As demonstrated by the recent breakthrough experiment, the world in which one lives is very different to our current understanding. We live in parallel physical realities. The truly extraordinary news is that when confirmation bias alters the observation being made, this alters which version of the world becomes real. And the effect is global.
Confirmation bias is what tends to happen when a new experience would clash with an expectation. In order to avoid the unpleasant feeling, the unconscious mind tends to modify the observation of such an event. The brain makes up something that fits with what is expected. This is why what is expected tends to be what is observed. Where there are ten witnesses to a significant incident, there are inevitably ten different versions of events.
This is a well-known phenomenon. Research shows that images held in the mind can directly affect what is observed. As neuroscience writer Mo Constandi reports:
A new study now shows that visual working memory can influence our perceptions, so that mental images in the mind’s eye can alter the way we see things. (2011)
So you tend to see in the world what is in your mind’s eye, a perfect example of confirmation bias.
Bias on Reality
Obviously, in the ordinary world the result of confirmation bias just produces a rose-tinted view of the world. We go away thinking, wrongly, that things turned out how we expected. But in the personal world the situation is very different. It is the biased observation that becomes part of the definition of the physical reality.
Let’s say I expect my team to win the next game. As a result of confirmation bias, I mishear a news item so it suggests they is doing really well. As a result I am in a different version of the world than I would have been. This is the world in which the newsflash was positive, and in this version of the world their success is more likely. In this world the probability of my experiencing the future I expect is increased.
Given this strange empowerment we do not want to encourage unwelcome events. The obvious thing is deliberately focusing on positive outcomes. Not, of course, a new idea. But now we know just how significant this is. Expecting the best is vital because this actually makes better things more likely to be experienced.
If we do not recognise that we are doing ourselves harm by holding negative expectations we may be careless about it. Saying, for instance “Knowing my luck this will not turn out well” is a recipe for just what I want to avoid. In this type of world positive thinking is Reality Health & Safety.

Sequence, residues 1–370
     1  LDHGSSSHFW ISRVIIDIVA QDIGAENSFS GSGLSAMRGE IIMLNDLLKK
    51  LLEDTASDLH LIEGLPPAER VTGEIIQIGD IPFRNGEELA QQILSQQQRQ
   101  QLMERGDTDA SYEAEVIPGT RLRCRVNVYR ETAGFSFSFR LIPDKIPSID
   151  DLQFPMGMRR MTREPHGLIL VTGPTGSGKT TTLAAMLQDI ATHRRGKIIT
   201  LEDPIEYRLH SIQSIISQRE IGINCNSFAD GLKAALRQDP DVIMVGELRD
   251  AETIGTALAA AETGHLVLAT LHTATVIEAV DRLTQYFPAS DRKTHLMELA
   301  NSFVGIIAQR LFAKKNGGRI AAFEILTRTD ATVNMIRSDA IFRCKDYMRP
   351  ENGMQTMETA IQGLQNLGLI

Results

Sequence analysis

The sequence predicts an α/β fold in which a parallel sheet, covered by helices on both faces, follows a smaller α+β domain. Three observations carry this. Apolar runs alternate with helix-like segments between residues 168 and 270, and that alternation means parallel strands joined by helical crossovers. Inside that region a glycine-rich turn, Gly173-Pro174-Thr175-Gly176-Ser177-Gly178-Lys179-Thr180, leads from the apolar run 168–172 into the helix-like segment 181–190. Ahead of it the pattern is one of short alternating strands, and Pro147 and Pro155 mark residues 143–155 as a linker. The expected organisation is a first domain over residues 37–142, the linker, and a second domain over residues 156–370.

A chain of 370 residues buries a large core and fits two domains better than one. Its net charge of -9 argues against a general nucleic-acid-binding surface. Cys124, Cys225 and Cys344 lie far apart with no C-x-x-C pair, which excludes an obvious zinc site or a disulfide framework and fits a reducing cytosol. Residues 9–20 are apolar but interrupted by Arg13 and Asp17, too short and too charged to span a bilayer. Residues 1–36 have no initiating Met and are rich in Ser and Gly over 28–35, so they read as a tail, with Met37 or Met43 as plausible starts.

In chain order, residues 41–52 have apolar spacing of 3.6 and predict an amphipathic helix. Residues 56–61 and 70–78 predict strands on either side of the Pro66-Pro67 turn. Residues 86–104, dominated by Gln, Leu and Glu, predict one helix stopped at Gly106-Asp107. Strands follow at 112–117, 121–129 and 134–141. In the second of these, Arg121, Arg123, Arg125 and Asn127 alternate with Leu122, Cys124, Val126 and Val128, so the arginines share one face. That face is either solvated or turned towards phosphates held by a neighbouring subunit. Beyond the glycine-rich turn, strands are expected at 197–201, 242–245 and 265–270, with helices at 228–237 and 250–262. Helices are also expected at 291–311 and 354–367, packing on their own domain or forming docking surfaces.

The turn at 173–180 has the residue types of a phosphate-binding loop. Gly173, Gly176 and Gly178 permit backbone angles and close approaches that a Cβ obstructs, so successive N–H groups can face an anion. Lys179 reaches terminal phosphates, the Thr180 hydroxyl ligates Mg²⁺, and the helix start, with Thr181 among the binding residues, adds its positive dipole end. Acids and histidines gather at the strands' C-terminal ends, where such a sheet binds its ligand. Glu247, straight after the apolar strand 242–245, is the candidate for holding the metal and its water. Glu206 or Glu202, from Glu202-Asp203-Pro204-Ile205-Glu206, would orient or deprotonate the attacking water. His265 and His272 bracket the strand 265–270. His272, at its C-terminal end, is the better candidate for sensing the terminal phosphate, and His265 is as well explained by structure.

By making positive thinking more and more the default mental habit we can come to expect positive things more naturally. For any given situation, there is a possible future in which an unlikely but very welcome outcome exists. In this type of world, if you can come to expect this optimal future, the confirmation bias means you are more and more likely to arrive in that kind of future.
This effect would explain the extraordinary power of placebo. Expectation heals, in the absence of any physical cause. As has been fully established, the sugar-free pill has no physical effect. But it works.
As research has shown, expectation is a vital part of the process. It is the patient’s perception that it is beneficial, rather than any ingredient having an actual effect. This is the part that cannot fit with physics of the ordinary world. But this is a natural phenomenon in the relative world. The effect of our expectations is constantly moulding the future of the personal world as a whole. Our expectations act as strange attractors.
In physics, the term ‘attractor’ means a state towards which a system tends to gravitate. Gravity itself is a simple example. A ball dropped on a slope tends to roll towards the bottom. In relation to gravity, the bottom of the hill is an attractor. Here the attractor is obvious in the way it works. And the end result is a specific condition, the ball at the bottom of the slope. The concept of attractors is described in Wikipedia.
There is also a different sort of attractor that is often found in complex systems, a ‘strange attractor’. This does not give rise to a simple, specific outcome, but a loosely defined tendency in the system, a particular pattern like the Lorenz attractor shown on the home page. The program traces out a shape that always gravitates towards this distinctive pattern. The shape of the pattern is a strange attractor.
Your expectations act as strange attractors in the personal world. The effect occurs because expectation gives rise to biased observations, and each biased observation means that the fulfilment of the expectation becomes a bit more likely than before. Each biased observation means you exist in a version of the world where the expected future is more likely. Thus your world tends to gravitate toward these outcomes.
The next main section is The New Empowerment.